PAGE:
- Edwin Ramos guilty of killing SF man and his sons (SF Chronicle)
A man with a long gang history was convicted Wednesday of the mistaken-identity murders of a San Francisco father and his two sons, the culmination of one of the most notorious crimes in the city in recent years. Edwin Ramos, 25, at first was still as the San Francisco Superior Court jury returned guilty verdicts on three first-degree murder counts in the killings of Tony Bologna, 48, and his sons Michael, 20, and Matthew, 16. Soon, however, he began to cry.
- Muni youth plan pitted against other regional proposals for funding (SF Examiner)
If Muni wants $5 million in regional transit funds for its free youth pass plan, it will have to fend off a host of other Bay Area agencies. The San Francisco Municipal Transportation Agency has approved a plan to provide free rides for low-income youths, but only if the Metropolitan Transportation Commission pitches in $5 million. However, several other transit agencies are competing for that cash.
- $2 million settlement for 2009 S.F. Bay oil spill (SF Chronicle)
The owners of a tanker ship that spilled more than 400 gallons of bunker fuel into San Francisco Bay in 2009, polluting 6 miles of Alameda County shoreline, agreed Wednesday to pay nearly $2 million in a settlement with local governments.
- Oakland Mayor Jean Quan says recall campaign poised to fail (Oakland Tribune)
Mayor Jean Quan could survive a second of three efforts to force her out office if opponents cannot collect the nearly 20,000 signatures needed by Monday to trigger a recall election against her. According to Quan, they don't appear likely to succeed.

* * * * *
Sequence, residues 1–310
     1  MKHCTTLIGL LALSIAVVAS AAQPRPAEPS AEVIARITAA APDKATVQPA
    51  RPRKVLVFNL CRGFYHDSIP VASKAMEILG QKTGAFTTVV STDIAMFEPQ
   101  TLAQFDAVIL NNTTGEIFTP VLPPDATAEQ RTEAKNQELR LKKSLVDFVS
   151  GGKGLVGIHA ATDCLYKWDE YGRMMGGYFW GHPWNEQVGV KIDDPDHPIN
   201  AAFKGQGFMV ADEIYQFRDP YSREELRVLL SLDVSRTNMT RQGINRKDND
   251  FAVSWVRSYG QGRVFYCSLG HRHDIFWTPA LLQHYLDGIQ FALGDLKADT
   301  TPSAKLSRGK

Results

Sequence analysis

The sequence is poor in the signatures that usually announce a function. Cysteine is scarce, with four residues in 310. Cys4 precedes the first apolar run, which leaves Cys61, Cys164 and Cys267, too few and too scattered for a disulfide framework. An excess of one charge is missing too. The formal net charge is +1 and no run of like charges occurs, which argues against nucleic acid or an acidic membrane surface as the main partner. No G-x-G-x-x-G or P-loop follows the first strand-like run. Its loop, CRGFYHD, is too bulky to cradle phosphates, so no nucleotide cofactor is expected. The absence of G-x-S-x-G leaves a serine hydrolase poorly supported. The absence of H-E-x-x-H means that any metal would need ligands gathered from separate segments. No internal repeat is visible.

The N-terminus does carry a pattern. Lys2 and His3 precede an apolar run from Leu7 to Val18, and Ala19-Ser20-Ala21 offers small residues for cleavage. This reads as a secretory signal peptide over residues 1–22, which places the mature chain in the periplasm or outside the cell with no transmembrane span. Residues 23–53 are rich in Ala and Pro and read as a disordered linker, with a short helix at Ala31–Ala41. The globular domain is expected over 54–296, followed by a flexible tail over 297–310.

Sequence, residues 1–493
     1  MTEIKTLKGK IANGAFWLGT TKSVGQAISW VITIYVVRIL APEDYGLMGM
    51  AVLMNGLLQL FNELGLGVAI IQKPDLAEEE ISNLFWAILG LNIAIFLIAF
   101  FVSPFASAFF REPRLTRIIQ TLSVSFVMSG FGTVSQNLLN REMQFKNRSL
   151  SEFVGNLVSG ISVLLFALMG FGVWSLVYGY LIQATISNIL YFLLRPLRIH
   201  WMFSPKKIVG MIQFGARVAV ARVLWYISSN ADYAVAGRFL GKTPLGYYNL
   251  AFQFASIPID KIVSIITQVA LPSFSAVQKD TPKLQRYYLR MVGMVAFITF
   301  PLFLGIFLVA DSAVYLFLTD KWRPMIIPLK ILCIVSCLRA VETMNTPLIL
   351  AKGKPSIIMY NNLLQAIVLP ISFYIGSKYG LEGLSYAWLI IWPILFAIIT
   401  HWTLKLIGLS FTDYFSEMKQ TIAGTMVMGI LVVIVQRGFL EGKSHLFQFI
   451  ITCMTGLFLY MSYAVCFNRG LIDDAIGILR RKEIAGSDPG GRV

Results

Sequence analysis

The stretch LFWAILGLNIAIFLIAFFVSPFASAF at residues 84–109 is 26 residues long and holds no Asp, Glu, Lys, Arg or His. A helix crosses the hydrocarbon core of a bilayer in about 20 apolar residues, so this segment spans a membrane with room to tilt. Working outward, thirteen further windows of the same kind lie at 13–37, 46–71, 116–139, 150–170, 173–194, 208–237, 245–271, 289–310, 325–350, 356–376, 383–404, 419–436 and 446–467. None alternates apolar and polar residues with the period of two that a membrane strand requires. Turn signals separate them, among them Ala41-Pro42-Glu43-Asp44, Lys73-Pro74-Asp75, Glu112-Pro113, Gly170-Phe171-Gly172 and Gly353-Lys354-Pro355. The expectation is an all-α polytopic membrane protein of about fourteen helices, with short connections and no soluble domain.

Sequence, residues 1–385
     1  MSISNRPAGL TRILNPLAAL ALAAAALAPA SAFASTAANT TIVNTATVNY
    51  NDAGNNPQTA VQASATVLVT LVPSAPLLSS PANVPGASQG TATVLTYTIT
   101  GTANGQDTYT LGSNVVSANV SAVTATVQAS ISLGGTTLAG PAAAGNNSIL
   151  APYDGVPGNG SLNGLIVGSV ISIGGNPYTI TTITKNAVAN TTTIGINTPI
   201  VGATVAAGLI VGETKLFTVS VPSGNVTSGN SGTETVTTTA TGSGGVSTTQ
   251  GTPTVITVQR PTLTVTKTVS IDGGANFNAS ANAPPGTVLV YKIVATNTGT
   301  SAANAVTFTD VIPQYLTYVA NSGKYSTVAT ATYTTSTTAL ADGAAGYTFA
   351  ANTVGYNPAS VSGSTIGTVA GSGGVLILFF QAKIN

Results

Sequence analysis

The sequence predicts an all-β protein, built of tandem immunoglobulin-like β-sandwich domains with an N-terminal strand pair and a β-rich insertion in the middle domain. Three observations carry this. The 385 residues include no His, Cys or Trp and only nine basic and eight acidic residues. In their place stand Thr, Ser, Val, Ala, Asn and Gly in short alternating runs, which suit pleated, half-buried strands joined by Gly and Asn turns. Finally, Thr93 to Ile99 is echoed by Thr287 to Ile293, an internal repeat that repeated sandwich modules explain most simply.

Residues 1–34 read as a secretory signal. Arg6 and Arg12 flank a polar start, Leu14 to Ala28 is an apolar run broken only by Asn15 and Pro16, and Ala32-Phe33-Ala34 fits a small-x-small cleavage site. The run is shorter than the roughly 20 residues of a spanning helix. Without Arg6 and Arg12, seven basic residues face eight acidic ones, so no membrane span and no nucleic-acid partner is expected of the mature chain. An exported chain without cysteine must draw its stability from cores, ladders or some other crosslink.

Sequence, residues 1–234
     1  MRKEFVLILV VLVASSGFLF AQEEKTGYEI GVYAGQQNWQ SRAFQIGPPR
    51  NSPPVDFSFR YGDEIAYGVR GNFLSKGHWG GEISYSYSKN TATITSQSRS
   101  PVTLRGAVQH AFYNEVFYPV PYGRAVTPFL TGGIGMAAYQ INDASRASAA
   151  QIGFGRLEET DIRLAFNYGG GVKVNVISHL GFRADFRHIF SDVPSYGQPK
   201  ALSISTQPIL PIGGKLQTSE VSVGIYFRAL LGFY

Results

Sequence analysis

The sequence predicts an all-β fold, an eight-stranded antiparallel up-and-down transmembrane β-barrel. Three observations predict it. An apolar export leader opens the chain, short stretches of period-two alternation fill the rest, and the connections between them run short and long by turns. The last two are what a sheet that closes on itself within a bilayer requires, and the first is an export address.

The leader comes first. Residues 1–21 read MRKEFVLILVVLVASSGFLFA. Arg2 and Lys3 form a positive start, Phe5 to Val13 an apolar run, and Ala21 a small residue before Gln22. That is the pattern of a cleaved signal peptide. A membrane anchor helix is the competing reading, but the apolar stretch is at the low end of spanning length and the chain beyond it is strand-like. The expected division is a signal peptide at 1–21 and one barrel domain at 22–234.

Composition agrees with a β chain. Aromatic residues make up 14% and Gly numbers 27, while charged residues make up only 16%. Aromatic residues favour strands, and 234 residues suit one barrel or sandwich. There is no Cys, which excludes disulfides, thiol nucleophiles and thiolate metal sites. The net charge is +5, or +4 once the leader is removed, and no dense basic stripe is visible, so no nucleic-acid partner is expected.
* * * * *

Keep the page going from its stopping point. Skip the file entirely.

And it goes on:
Yelp has given San Francisco a five-star rating, committing itself to stay in its hometown through at least 2020. The popular online review site, one of the first dot-coms to set up shop in the city after the Internet bubble burst, will announce Thursday that it has signed a roughly 100,000-square-foot lease at the Pacific Telephone Building, an Art Deco classic of the city's skyline.
Officials representing Gov. Jerry Brown met with state employee union leaders last week and delivered the news: A budget revision he'll release Monday includes a new proposal to cut payroll costs in the upcoming fiscal year. The decision to take a bite out of state workers' pay comes amid a deepening California budget deficit that Brown pegged in January at $9.2 billion through 2012-13 but now is thought to be considerably more.
...Since PG&E's sloppy record-keeping came to light, hundreds of technicians and engineers have spent thousands of hours poring through millions of individual documents in an unprecedented effort to build a detailed view of PG&E's vast gas transmission system -- and to repair the utility's tattered reputation. So far, the effort has involved collecting 3 million records scattered in file cabinets in about 60 PG&E offices between Eureka and Bakersfield, and shipping them to Emeryville.
Legislation ratifying a compact between Gov. Jerry Brown and the Federated Indians of Graton Rancheria to open a 3,000-slot machine casino in Rohnert Park is scheduled to come before the Assembly today. The bill, AB 517, was approved by the state Senate last week.